Damion Easley Relives Rubbing Elbows with Greatness
With his son playing at a local baseball camp, former big league player Damion Easley had the perfect opportunity to visit the National Baseball Hall of Fame and Museum for the first time.
“Playing so long,” Easley said Wednesday morning, “I’m surprised it took my 12-year-old son, Jayce, to bring me down here.”
A veteran of 17 big league seasons spent mostly with the California Angels and Detroit Tigers, Easley, who left the field following his 2008 campaign, enjoyed his greatest success as a power-hitting second baseman in the MotorCity in the late 1990s. Though his lone All-Star Game invite came in 1998, when he smacked 27 home runs and drove in 100, he finished his career with 1,386 hits, 163 homers, 114 stolen bases and a .253 batting average.
After a tour of the museum’s archives, Easley said, “I’m in awe. I’m a baseball traditionalist, diehard baseball fan, and just a fan of the game, and that was very impressive to see those artifacts and kinda relive my youth a little bit.”
Now 42 years old, the native of New York City moved at age 11 to California, where he was able to play baseball year-round.
“Early on baseball was my life,” Easley said. “As you grow and get older I have my wife and my kids and obviously they took over my heart. But I still love the game.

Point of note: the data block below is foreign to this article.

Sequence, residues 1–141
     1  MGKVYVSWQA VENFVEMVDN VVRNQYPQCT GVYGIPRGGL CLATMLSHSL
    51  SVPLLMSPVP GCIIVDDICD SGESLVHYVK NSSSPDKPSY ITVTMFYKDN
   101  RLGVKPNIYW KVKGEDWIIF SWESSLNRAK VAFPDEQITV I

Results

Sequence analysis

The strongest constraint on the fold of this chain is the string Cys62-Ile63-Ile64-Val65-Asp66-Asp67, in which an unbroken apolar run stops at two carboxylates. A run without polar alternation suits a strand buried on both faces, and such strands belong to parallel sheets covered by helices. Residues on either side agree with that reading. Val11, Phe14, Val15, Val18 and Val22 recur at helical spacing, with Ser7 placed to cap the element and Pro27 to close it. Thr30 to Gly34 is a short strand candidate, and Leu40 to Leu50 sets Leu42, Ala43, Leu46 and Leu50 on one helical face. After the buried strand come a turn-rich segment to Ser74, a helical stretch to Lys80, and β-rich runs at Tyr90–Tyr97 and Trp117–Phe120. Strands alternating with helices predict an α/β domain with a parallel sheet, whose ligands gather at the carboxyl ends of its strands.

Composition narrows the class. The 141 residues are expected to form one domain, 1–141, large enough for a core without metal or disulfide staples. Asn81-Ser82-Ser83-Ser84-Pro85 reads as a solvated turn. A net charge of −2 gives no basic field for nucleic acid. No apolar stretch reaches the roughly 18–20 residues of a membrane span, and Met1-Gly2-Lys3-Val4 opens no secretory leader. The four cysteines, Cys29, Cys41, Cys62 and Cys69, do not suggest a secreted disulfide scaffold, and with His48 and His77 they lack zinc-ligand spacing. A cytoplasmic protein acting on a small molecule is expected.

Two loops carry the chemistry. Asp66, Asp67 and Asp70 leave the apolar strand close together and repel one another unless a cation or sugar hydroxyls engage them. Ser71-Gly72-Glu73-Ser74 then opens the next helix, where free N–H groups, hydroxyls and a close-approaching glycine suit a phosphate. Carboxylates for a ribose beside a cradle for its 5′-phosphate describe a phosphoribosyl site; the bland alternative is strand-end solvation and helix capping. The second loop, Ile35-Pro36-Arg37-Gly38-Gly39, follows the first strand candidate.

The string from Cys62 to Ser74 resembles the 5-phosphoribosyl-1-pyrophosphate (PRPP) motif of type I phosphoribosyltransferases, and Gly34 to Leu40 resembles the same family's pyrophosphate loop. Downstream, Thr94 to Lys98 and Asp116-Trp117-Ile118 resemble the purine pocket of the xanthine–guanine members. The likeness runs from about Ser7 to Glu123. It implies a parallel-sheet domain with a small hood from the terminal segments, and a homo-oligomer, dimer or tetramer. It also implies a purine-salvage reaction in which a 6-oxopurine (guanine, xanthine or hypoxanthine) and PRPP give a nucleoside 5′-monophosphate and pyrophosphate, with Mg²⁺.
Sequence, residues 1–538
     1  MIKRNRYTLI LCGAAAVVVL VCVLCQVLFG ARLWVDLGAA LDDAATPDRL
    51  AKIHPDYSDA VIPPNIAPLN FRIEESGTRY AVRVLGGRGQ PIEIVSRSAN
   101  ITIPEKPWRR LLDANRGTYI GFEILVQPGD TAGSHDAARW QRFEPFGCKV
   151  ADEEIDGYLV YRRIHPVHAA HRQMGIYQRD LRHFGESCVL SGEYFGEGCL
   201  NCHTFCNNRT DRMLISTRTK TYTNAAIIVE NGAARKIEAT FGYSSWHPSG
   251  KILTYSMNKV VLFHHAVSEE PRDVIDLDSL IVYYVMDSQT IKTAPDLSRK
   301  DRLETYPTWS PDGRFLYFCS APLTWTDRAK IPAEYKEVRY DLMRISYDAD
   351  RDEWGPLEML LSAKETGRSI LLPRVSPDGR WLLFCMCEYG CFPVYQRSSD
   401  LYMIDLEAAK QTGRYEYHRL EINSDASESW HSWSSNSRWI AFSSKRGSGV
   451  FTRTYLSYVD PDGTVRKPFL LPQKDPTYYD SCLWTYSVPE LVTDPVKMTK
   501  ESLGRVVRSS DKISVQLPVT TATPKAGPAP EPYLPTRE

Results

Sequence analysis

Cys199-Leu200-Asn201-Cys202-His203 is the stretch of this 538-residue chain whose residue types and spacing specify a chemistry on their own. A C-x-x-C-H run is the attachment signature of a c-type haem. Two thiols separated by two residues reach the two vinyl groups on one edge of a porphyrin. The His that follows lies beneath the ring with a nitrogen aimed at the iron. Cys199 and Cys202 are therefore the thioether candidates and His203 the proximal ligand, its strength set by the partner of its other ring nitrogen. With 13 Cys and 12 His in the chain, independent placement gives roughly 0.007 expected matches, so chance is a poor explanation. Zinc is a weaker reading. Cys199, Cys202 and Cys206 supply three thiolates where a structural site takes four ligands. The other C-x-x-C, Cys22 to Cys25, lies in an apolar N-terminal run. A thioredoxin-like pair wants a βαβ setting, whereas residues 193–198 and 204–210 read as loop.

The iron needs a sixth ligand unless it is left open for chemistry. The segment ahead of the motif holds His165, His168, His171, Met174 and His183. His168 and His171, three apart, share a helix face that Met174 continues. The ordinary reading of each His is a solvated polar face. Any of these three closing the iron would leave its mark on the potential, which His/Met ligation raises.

“My dad introduced me to the game at a very young age and I took it and ran with it. It’s still a passion of mine. I coach it and I can’t get enough of it. I’ve coach at the youth, high school and pro side now.”
Calling Glendale, AZ home, Easley is currently a coach with the San Diego Padres’ affiliate in the rookie Arizona League.
“I enjoy working with the young guys who don’t know what it takes yet. They think they do but they really don’t,” Easley said. “And I’m sure I was that way coming up, too. But I enjoy working with them and helping them along.”
Helping Easley along in his professional career was Hall of Famer Rod Carew, the young infielder’s first batting coach when he got to the big leagues. But he also played against many of the Hall of Famers elected recently, a fact that makes his trip to Cooperstown even more meaningful.
“It helps you appreciate some of the greatness that you’ve been around because when you’re playing you don’t have time to think about it,” he said. “You admire somebody for his talents but you’re out there trying to compete and trying to survive and you don’t have time to be in awe of somebody.
“Now that you’re away from it you can sit back, relive the moments, and think, ‘Man, this was really special to live a dream and rub elbows with greatness.'”
Bill Francis is a Library Associate at the National Baseball Hall of Fame and Museum